Today, the IRS and the Treasury Department announced that they will treat any same-sex couple married by any state as married, even if they currently live in a state that doesn't have gay marriage.
I know what you're thinking: How will this affect the federal budget?
Over the long term, this decision will increase federal tax receipts by a little. But this year, the federal government may actually lose a little revenue.
Some married couples face a "marriage penalty," meaning they owe more taxes than if they were single, while others get a "marriage bonus." But the penalty effect is more important. Back in 2004, the Congressional Budget Office estimated that gay marriage would mean about $700 million a year in added tax revenues. In practice, because of tax policy changes since 2004, the added revenues would likely be somewhat less.
But one key component of today's announcement is that the IRS will accept amended tax returns from gay couples going back as far as 2010. If you filed previous years' taxes as single because the IRS didn't recognize your marriage, you can go back and change old tax returns to say you're married—but only if you want to.
Gay couples will presumably only take this option if doing so gets them a tax refund. Typically, that would happen for one of two reasons. If the spouses had highly unequal incomes, it's likely they missed out on a marriage bonus, because graduated tax brackets kick in at higher levels for couples than singles. Or, if one spouse put the other on his or her employer-provided health plan in previous years, amending old returns will allow the couple to deduct the cost of that spousal health benefit from tax.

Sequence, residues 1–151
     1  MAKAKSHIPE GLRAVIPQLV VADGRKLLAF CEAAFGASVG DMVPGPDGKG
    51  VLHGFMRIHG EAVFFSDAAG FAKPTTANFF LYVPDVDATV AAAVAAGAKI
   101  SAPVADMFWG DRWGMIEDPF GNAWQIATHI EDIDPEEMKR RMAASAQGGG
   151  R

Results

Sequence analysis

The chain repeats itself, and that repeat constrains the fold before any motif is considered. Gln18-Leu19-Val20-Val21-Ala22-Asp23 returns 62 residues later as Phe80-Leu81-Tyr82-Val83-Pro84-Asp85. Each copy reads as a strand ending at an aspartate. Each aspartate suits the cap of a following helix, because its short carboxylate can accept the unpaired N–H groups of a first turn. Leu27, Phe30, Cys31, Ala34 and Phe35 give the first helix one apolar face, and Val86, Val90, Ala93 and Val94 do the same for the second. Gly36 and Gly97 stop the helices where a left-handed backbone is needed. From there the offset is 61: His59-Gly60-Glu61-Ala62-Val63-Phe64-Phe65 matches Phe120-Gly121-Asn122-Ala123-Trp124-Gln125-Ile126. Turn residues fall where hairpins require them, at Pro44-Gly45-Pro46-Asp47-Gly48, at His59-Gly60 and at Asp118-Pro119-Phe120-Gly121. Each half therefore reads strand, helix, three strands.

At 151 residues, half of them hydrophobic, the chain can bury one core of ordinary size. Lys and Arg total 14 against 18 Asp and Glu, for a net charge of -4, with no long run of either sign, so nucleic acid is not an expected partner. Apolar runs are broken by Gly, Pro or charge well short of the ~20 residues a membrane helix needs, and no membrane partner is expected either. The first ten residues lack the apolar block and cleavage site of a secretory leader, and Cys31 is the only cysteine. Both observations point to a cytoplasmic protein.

Since only couples getting refund checks will be likely to amend, the IRS decision is likely to cause a short-run revenue loss. But it will be made up in the future, when same-sex married couples have to file their taxes as married whether they want to or not.
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